CaseTrust & HDB-registered IDs – Are They Really Crucial?

December 6, 2016

Renovating a home is no mean feat – it’s a costly, complicated, and often stressful undertaking, and homeowners should be vigilant and careful every step of the entire journey. When done right, the returns often exceed the monetary value as homeowners end up with a beautiful space that not only functions well, but also brings them immense joy to live in every day.

 

But this is not always the case as not all businesses are fairly run. Horror stories about bad service, shabby construction work, and even scams by interior design firms still continue to surface from time to time... So how should homeowners protect themselves from getting the shorter end of the stick? While accreditations issued by HDB and CaseTrust offer a basic safety net, they should not be the only factor that lends credit to an interior design firm or construction company.

 

 

What Do The Accreditations Mean?

HDB Registered Renovation Contractor (RRC)

A contractor who’s listed under the HDB Registered Renovation Contractors' Scheme (RRCS) has been acknowledged by the public housing board to be conscious of HDB’s renovation works requirements. This accreditation does not mean that HDB recommends or guarantees the contractor’s renovation work quality.

According to HDB’s website:

“Engaging these contractors is a private contract between you and the contractors, and HDB is not privy to it. The contractors are fully responsible for the contractual obligations towards their client, including the quality of their works. If there is any disagreement on the pricing, schedule, or quality of the renovation, both parties need to resolve the matter between yourselves. If the matter cannot be settled amicably, you can seek assistance through CASE or the Small Claims Tribunals. Alternatively, you can seek remedy through court proceedings.”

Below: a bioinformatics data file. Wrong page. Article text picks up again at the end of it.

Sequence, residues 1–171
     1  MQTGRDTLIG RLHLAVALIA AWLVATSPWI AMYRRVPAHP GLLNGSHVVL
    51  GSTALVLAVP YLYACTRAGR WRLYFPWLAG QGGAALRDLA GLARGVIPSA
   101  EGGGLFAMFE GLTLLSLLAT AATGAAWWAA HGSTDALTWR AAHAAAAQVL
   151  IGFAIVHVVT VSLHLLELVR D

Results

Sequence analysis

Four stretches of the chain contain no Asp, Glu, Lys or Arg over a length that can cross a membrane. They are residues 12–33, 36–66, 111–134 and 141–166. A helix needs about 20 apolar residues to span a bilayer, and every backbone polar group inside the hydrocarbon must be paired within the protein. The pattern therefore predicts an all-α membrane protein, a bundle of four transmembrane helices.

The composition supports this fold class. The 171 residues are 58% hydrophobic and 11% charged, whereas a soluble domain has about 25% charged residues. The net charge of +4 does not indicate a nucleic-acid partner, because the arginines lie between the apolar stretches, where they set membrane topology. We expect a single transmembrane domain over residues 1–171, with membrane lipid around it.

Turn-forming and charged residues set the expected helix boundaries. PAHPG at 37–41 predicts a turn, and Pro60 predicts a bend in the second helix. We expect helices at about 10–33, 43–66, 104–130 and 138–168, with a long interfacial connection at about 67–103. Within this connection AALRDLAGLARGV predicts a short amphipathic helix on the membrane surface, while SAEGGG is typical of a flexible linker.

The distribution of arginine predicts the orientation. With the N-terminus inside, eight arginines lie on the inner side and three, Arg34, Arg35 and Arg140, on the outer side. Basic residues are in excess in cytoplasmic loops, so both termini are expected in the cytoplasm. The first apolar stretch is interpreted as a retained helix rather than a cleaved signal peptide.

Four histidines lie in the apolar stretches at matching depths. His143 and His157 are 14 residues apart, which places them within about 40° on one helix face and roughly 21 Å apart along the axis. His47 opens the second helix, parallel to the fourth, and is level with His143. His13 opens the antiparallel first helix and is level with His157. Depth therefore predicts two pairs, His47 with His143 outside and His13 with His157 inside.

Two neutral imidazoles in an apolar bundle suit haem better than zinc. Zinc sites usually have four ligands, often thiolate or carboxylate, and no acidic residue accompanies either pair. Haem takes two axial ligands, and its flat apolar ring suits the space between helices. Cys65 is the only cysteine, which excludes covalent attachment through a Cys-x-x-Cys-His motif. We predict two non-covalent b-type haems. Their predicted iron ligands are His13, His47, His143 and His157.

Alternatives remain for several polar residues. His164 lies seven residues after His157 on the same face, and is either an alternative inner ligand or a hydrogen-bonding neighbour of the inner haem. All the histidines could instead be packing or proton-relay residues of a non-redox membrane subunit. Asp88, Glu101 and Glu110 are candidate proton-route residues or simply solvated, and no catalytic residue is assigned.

Generally, interior design firms are not obliged to be registered under this scheme as designers do not execute the renovation works with their own two hands. They often sub out these works to contractors, and this HDB scheme is targeted specifically at getting contractors who handle the manual work licensed - a common misconception among homeowners that one should only engage HDB-licensed firms.

 

 

CASETRUST-RCMA Joint Accreditation for Renovation Business

Established by the Singapore Renovation Contractors and Material Suppliers Association (RCMA), the CASETRUST-RCMA Joint Accreditation scheme requires companies to protect a customer’s deposit payment through purchase of a deposit performance bond. This ensures that homeowners’ monies are safe in the face of the firm’s closure or liquidation.

Interior design firms accredited under this scheme are also recognised for their cost transparency, accountability, and general good business practices. Customers can expect documented policies on fees and refunds, clearly defined dispute resolution mechanisms, and ethical sales staff. Refer to more details here.

To be on the safe side, it’s best to confirm with the interior design firm if they are working with contractors that are HDB-licensed. And do check out the company’s reviews by other homeowners on Qanvast to get a better gauge of their reputation.

On top of a firm’s accreditation and reputation, other factors you need to consider before deciding on which company to trust the renovation works to include its ae

 

sthetics, price, services, and sometimes simply whether you have “good vibes” about the designer.

Share on Facebook
Share on Twitter
Please reload

Featured Posts

Should You Engage a Contractor or Interior Designer?

December 28, 2016

1/1
Please reload

Recent Posts
Please reload

Archive